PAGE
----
NOTE: This recipe has not been tested by the NCHFP. If you are not comfortable canning untested recipes, please do not use this one. Having said that, cherry jam is a basic recipe and this one differs from tested recipes only in the fact that there is more than one type of cherry in the mixture. Acidity is not affected.

Sunday, June 21, 2015

Product Review: When It's Too Hot To Cook (Much)

It's been a few months now since I have been making that daily commute back to the city for work. It's been great getting back into the swing of things, and I am really enjoying being part of a big company again. I don't miss the teeny tiny three person office environment one bit. I'm very lucky to be working where I do. The company is very focused on maintaining a happy environment for the employees and we have loads of social activities like barbecues, contests, community volunteering opportunities and so much more. The company brings food trucks onto the campus every week so we don't have to go far for lunch and have a rotating lineup of options. 

Just this past week the company announced they would be hosting a weekly farmers market on the campus. I was so excited to hear this! That has been the one thing I did miss about my previous job- having access to our small ton farmers market, and even participating as a vendor. Now I don't have to worry about missing out on garden fresh vegetables that I can't or don't grow at home. I can stroll over to the market before getting in my car and heading home.

In my office we do a weekly lunch sign-up for fun. Every Wednesday one or two people volunteer to bring lunch for our team. There are twelve of us, so it's not a HUGE endeavor or a full scale catering event by any means, but just a fun way to be social and try some new foods. During the most recent Wednesday lunch one of my coworkers brought in a salad- Asian flavors with crunchy veggies and crispy wonton strips. Really really good. Reminded me of an old church cookbook recipe I used to make using bagged coleslaw mix and uncooked crushed ramen noodles, but it wasn't exactly the same. She shared her secret "recipe"- it IS a bagged salad, a complete salad kit she picked up at the grocery store, and it was so delicious I thought it would be great to use as a starting point for summer meal in one salads on these hot hot hot no-cooking days!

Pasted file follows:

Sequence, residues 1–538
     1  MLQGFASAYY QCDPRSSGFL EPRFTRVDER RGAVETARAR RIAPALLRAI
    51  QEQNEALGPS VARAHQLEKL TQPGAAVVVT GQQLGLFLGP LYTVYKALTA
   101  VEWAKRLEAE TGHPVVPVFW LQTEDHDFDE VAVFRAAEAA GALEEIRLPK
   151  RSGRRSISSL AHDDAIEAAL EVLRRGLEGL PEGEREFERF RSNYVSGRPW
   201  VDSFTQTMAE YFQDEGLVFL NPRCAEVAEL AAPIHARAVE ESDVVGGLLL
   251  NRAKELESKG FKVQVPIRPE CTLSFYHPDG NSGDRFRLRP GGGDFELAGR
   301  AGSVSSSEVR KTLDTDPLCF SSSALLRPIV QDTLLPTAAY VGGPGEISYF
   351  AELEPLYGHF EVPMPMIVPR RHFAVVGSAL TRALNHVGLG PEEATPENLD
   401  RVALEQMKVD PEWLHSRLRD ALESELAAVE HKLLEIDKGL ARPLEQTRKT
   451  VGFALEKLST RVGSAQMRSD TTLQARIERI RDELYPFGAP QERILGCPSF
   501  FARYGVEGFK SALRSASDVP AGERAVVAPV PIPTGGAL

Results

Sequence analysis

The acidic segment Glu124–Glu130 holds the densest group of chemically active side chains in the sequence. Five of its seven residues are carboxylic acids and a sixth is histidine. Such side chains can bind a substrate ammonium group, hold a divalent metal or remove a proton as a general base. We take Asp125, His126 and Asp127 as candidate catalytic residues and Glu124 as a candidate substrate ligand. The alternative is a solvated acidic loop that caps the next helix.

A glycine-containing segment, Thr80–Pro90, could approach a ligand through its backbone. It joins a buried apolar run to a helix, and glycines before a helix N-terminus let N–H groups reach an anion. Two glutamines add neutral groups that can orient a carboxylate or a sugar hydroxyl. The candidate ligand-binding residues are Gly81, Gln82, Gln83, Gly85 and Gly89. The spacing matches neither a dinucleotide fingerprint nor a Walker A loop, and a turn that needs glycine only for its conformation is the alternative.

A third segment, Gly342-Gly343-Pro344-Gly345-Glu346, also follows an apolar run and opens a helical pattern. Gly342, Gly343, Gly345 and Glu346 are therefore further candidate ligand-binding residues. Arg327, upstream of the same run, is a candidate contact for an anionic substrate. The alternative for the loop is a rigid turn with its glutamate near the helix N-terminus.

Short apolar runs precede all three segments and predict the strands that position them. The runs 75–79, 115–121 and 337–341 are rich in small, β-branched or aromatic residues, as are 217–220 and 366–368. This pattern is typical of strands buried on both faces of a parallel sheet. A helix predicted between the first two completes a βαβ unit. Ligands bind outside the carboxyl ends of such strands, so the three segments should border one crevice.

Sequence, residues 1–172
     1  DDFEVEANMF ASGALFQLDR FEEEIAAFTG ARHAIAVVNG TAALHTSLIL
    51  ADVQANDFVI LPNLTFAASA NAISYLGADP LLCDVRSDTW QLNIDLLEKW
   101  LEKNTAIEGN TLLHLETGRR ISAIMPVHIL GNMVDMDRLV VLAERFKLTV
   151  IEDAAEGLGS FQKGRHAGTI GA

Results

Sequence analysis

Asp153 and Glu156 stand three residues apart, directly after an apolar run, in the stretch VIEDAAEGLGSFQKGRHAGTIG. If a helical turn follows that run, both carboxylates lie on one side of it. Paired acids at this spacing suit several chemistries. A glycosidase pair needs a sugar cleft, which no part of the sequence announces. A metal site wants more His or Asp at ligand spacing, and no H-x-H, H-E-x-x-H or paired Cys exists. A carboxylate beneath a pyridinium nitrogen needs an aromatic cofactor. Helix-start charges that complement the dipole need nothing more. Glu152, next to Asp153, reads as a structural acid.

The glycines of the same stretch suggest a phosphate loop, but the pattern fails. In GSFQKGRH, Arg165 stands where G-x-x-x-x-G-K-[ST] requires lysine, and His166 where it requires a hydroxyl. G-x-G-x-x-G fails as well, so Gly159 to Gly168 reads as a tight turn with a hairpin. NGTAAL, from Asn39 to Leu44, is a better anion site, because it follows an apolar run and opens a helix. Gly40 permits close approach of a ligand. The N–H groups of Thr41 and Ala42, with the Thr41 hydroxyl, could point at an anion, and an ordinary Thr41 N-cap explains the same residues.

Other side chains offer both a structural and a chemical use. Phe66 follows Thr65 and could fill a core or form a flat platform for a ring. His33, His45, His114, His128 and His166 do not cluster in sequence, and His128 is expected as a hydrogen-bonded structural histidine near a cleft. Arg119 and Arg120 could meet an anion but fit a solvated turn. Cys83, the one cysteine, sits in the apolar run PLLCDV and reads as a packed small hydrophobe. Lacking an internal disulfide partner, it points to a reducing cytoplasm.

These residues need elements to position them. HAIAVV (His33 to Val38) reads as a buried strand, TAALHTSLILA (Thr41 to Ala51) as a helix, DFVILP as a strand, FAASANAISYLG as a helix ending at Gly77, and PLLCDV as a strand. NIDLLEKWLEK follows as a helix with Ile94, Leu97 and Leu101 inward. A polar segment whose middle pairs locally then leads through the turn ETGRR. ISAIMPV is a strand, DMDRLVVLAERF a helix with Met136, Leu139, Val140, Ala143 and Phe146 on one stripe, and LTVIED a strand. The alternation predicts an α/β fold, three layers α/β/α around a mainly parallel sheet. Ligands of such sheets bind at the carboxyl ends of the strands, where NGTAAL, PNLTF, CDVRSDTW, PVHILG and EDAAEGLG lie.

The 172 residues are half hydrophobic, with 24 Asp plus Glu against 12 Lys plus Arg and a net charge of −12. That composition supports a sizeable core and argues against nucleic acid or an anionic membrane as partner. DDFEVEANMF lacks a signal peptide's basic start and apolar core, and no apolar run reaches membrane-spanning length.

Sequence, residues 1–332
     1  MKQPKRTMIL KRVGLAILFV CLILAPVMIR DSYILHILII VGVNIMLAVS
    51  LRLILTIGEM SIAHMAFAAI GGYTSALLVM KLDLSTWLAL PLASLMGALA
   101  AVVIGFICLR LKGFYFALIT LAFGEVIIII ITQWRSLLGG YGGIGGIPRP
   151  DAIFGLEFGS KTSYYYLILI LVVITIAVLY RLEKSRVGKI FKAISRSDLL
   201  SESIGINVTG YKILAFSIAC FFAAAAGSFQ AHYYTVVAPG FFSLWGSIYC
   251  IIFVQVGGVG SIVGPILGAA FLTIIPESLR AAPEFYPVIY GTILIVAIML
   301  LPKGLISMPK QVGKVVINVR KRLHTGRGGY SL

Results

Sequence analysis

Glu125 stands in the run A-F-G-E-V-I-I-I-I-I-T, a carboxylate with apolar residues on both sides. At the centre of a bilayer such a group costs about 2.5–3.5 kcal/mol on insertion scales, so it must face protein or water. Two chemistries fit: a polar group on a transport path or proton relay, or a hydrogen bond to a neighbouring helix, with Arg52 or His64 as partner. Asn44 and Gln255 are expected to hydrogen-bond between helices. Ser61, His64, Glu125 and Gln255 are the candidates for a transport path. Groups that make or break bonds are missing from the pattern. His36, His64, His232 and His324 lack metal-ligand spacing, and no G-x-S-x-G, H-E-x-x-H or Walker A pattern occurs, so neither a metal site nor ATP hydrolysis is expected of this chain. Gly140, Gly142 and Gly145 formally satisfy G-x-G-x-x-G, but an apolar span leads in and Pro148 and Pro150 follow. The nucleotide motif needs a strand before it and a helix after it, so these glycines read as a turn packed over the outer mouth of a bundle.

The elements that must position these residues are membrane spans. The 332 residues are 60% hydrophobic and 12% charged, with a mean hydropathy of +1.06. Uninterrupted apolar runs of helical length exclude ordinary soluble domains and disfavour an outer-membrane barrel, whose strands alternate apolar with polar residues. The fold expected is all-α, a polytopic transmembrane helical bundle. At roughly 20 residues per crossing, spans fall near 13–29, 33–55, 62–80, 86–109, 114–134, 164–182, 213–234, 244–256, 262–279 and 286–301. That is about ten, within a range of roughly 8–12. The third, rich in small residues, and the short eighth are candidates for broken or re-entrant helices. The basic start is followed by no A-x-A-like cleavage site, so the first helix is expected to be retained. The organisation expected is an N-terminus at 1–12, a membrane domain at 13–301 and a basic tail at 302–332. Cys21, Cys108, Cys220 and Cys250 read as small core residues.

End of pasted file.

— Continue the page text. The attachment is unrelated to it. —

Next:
The Dole Chopped Salad Kit is such a great idea. I chose the Asian Sesame variety, the same as the one my coworker brought to lunch. Everything you need is in this one bag- the salad greens including kale, shredded carrots, sliced almonds, those crunchy wonton strips and Sesame Ginger Vinaigrette.

I am dressing mine up with some fresh additions. Chopped scallions, because I happen to have them on hand, and some julienned baby bok choy are going in the bowl. 

Baby bok choy is has a crisp crunch and great flavor
Because I am serving this salad for dinner I thought it would be nice to get a source of protein in there as well, so I am pan-grilling some shrimp, which have been seasoned with Feiny's Chesapeake Bay Rub, and quickly seared in a wok. They literally cook in a minute or two so I am in and out of the kitchen super fast and they are delicious and perfect with the Asian flavors in the salad. 

The shrimp were juicy and delicious with just a hint
of caramelization from the hot skillet or wok
Dinner prep went super fast. I bought shrimp with the peels intact so I had to take a few minutes to peel them and pull off the tails before tossing with the Chesapeake Bay Rub and that was the most difficult part of "cooking." I wish I had grabbed a cucumber because that would have been a great addition to this salad, so would water chestnuts! It took just seconds to toss the veggies in a large bowl with the dressing and extras, plate up a serving and top with some of the shrimp. Done!

Yes, that IS an autograph on the package- because I am a
dork like that. Actually, Adam hand-packages his rubs and